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Bent rear disc

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I just bent my rear disc brake and am wondering what I shoud do about it? Do I have to purchase a new one replace it? CanI bend it out to save some $$$? Are rear disc guards worth the money ($130)? Are front disc guards also worth it.

I am also wondering if anyone can post a pic of the rear brake set up on their back tire. It feels pretty loose on there and doesn't feel tight. There is an empty threaded slot at the top terminal end of the brake setup and I am feeling that it shouldn't be empty like that. It looks clean, like a bolt use to be there, but now isn't. Does anyone know what could have happened. It was a pretty bad wreck.

Thanks

CER

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Buy a new disc.....the bent one is FINISHED....no hope...kaput...toast...sorry for the bad news, but that is the way it is.

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I've straightened a few of them over the years. If you have have a knack for this type of thing, you can do it. Clamp a reference guide, of some sort, to the swing arm. Spin the wheel slowly and use a marker to help locate the center of the bend so you don't end up with an "S" curve. Use a large Crescent wrench, adjusted snuggly, on the disc. Take your time and don't over shoot center. If you miss the mark, you will feel pulsations in the pedal. You've got nothing to loose in trying. :)

PS: Buy a shop manual.

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Replace it immediately and probably your disc brake pads too. Stick a Scotts read disc protector on there. I have one and in all the rocks that bike has been through it never has had any trouble since I did that. They are expensive but worth it. prairiedawg :D:):):p

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Holy cow! You guys must all have money to burn! :) You can also take your front tire off and then remove the disc and with a non metal mallot(wide faced hammer) lay your disc on a hard flat surface and work the area in need of repair with firm, but not to aggro, hits. You can check the trueness of your work by putting your disc back on the wheel and give 'er a spin. Use your caliper as your trueing guide. Mark the still untrue area with a marker and repeat your handyman skills.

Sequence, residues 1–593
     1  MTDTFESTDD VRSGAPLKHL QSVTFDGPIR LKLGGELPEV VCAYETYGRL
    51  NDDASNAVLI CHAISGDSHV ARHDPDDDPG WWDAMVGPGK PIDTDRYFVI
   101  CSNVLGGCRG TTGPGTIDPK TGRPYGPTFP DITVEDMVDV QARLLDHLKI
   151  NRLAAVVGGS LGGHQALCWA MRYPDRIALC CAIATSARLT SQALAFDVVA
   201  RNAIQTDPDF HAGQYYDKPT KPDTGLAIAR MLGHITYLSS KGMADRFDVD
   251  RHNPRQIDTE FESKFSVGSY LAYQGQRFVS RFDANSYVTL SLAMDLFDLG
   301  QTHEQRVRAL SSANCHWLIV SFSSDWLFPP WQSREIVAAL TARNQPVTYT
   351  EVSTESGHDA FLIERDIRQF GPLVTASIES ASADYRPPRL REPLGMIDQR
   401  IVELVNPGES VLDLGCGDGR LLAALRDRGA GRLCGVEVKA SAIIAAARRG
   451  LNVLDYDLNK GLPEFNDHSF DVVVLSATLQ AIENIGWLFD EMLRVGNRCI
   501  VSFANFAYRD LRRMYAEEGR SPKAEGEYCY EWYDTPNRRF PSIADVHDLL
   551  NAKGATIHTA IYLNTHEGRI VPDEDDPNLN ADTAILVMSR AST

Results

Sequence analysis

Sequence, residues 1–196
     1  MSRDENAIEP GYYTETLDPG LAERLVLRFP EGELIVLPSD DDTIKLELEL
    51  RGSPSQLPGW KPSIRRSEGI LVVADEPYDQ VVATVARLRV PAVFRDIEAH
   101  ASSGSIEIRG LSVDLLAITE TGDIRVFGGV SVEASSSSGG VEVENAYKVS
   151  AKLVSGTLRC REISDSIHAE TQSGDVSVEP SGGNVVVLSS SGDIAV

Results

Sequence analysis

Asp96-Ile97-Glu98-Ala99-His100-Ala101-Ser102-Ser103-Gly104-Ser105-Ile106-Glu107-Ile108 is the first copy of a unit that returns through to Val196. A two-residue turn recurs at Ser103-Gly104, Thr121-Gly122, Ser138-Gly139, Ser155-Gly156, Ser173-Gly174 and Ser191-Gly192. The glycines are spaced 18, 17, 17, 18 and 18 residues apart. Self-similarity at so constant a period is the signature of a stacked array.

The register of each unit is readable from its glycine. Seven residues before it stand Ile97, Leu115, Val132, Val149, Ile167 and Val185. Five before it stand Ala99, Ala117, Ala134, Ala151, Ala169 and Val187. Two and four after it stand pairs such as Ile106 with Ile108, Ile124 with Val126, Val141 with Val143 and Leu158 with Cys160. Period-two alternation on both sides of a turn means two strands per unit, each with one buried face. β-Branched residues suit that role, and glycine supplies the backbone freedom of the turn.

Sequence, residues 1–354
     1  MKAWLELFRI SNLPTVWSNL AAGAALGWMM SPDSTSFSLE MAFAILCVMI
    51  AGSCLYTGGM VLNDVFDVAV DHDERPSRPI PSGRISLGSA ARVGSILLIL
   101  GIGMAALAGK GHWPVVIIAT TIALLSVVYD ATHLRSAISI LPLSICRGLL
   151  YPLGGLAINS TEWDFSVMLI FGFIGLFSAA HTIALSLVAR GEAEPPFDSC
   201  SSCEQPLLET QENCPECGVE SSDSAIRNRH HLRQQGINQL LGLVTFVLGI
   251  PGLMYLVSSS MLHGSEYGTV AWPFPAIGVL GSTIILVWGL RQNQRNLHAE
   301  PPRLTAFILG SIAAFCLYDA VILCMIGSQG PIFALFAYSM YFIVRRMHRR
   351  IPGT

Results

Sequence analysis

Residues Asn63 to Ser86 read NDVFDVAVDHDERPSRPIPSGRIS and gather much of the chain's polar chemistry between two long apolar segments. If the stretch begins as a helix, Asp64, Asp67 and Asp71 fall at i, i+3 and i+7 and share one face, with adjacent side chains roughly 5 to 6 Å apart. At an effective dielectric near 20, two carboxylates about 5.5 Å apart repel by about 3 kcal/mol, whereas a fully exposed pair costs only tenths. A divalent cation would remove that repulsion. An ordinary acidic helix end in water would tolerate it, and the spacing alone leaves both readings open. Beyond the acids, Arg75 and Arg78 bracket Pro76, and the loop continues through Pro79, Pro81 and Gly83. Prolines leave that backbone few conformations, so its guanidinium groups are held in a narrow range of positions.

Of course it all depends on how badly you bent the disc.

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Holy cow! You guys must all have money to burn! :) You can also take your front tire off and then remove the disc and with a non metal mallot(wide faced hammer) lay your disc on a hard flat surface and work the area in need of repair with firm, but not to aggro, hits. You can check the trueness of your work by putting your disc back on the wheel and give 'er a spin. Use your caliper as your trueing guide. Mark the still untrue area with a marker and repeat your handyman skills.

Of course it all depends on how badly you bent the disc.

Perhaps some of of us (most of us) realize the differenc between repairing a part with that potential,, and replacing a part it is unwise to attempt repair of. :D

I saw in a move once where I guy trapped on an island did his own dentist work with an ice skate... :) Sounds to me right up the ally for those wishing to beat on a brake rotor to straighten it :p

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buy a new disc. i have seen titax brand as cheap as $50.00 bucks. if your brakes end up throwing you off the bike or not making you stop i bet it will cost you more than a new rotor does. :)

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Anyone who is so poor to even try to staighten a disc should not be riding a motorcycle in the first place. A disc is not made out of a soft and malliable material that will bend easily and freely. All you are doing by staightening one is making it even weaker. Not a piece I would want to fail on me.

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Why not try to straighten it? You've got nothing to lose. It would be different if it was the front disc, but it's only your rear. What does straightening your rear disc have to do with how much money you have or don't have? $50 bucks is $50 bucks.

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Straightening a brake disc should be an emergency procedure only in my opinion, something to get you out of trouble.

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Why not try to straighten it? You've got nothing to lose. It would be different if it was the front disc, but it's only your rear. What does straightening your rear disc have to do with how much money you have or don't have? $50 bucks is $50 bucks.

It's your bike,, and I don't ride with you.. Do what ya want :)

My recommendation to those still listening... Is replace a damaged rotor. Service limit is 0.3mm run out. Your not going to beat a rotor back in to shape and maintain that limit.. Additionally... the work hardening done to the metal which could cause other issues makes this whole discussion.. rather silly,,...